Councilman Kevin O’Grady asked to be recused due to “conflict of interest.” Mayor Pro-tem Margaret Haynes also asked to be recused but did not cite a reason. Both had voted for the original easement.

Council members Neil Anderson and Clifford Barnett and Mayor Bill Saffo approved the resolution. Councilman Paul Lawler, who voted against the initial easement, also voted against the amended “take.”

There was no discussion of the issue.

The rear area of the 255 North Front Building. (Port City Daily photo | COURTESY CITY OF WILMINGTON)
The rear area of the 255 North Front Building, showing the current rear entrance and ongoing construction on the Water Street Parking Lot demolition. (Port City Daily photo / COURTESY CITY OF WILMINGTON)

Construction work apparently began shortly afterward.

North Front, LLC objects

On Feb. 13,  Davenport wrote to City Attorneys John Joye and Amy Schaefer, telling the city to “immediately cease and desist from any further demo walkway and/or bridgeway activity within or involving my client’s property as my clients have not consented to (any such) access or use pending our completion of negotiations and conditions associated with the discussed construction easement.”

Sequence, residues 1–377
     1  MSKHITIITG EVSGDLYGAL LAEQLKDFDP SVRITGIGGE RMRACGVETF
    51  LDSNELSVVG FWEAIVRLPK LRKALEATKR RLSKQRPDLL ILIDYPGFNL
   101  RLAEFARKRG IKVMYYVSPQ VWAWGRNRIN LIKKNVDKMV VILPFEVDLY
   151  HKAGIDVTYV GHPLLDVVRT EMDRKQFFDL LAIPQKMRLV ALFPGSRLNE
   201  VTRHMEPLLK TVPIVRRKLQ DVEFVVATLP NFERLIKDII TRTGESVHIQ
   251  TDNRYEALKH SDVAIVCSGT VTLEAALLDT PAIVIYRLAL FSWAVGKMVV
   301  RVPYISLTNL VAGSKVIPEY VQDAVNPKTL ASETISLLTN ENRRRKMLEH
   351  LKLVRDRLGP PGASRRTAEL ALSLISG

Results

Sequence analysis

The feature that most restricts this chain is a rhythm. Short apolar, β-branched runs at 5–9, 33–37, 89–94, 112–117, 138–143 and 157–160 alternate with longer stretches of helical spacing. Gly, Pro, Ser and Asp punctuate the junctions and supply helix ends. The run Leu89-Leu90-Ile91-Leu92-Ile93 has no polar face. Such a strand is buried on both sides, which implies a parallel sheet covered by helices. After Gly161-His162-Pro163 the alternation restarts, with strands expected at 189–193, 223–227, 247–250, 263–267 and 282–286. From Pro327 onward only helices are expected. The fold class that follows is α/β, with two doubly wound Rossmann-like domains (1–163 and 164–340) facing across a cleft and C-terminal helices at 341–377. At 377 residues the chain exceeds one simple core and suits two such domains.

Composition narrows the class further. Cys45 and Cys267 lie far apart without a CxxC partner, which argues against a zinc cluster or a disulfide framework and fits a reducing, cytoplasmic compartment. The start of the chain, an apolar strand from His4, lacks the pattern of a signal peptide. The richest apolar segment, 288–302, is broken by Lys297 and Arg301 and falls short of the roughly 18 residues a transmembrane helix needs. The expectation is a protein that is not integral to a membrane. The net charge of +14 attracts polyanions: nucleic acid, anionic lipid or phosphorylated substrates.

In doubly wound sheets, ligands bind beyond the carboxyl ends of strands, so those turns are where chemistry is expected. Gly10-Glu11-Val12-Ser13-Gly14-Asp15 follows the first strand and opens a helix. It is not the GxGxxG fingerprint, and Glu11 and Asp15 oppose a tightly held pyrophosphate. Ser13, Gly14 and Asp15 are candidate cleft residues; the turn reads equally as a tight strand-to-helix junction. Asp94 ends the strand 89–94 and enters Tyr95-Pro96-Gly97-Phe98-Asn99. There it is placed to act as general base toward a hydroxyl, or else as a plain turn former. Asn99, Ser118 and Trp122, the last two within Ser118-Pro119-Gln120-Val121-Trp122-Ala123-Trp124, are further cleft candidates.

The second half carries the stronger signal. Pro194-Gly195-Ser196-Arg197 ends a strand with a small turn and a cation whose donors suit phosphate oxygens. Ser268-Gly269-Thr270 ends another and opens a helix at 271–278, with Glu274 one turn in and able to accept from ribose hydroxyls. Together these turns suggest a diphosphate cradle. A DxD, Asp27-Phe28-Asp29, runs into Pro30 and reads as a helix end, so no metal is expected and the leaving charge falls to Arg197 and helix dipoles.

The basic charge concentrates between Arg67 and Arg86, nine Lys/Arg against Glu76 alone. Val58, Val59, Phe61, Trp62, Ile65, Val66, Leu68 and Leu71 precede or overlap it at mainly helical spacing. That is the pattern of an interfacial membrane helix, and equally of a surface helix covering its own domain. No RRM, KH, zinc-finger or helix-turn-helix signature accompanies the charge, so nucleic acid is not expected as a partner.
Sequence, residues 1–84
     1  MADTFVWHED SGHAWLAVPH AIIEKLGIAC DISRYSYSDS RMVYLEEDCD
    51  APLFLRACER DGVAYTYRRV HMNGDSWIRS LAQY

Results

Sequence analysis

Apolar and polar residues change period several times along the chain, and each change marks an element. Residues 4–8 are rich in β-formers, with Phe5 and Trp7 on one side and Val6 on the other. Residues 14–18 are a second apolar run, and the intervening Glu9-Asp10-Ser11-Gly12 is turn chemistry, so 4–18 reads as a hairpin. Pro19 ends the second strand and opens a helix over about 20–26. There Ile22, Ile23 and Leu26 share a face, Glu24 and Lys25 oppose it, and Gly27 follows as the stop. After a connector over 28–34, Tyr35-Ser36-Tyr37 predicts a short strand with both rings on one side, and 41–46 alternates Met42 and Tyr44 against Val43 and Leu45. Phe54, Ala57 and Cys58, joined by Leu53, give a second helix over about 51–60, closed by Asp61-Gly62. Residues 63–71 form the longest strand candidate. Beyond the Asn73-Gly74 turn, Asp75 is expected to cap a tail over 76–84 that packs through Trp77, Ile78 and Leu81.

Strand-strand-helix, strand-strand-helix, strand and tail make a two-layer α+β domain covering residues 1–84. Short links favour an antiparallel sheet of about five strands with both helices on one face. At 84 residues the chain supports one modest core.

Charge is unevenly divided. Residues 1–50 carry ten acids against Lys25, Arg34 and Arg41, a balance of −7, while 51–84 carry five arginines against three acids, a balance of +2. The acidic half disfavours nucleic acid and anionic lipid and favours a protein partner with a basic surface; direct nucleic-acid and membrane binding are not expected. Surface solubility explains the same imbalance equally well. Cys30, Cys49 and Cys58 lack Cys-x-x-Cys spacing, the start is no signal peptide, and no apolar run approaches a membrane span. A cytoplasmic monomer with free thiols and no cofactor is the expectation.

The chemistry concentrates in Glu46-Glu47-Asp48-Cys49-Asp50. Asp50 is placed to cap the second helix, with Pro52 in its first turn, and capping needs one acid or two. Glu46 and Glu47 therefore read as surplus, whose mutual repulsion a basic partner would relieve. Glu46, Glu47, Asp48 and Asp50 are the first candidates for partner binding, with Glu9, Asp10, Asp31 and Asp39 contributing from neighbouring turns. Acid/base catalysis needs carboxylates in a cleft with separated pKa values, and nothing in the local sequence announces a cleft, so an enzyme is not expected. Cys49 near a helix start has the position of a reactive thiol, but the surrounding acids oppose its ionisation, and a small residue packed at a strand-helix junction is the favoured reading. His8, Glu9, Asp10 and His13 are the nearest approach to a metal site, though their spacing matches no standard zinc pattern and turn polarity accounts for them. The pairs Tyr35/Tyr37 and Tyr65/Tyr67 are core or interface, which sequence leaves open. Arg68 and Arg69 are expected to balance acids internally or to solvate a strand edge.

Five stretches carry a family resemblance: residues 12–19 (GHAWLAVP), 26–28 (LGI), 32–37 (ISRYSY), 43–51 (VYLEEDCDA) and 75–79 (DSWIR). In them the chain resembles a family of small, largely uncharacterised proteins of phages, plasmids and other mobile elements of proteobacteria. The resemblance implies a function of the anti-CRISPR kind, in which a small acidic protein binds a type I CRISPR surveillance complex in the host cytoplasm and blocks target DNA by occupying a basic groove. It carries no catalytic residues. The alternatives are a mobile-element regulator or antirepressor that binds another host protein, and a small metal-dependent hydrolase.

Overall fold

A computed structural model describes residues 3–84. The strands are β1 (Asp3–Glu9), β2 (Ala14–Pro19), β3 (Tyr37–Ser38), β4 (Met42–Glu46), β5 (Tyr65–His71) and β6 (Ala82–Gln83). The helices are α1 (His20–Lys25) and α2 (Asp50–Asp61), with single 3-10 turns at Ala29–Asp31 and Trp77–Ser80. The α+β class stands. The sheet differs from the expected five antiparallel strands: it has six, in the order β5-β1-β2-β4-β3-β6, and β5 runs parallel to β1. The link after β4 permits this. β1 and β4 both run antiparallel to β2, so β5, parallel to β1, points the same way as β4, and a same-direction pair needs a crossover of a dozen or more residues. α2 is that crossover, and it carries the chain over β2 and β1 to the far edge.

The following week, on Feb. 22, the city had the land appraised by Jack Morgan of the JC Morgan Company. The appraisal found the value of the land to be about $32,000.

The city's appraiser valued the land taken by the February 6 resolution at about $32,000. Developers did not agree. (Port City Daily photo | COURTESY CITY OF WILMINGTON)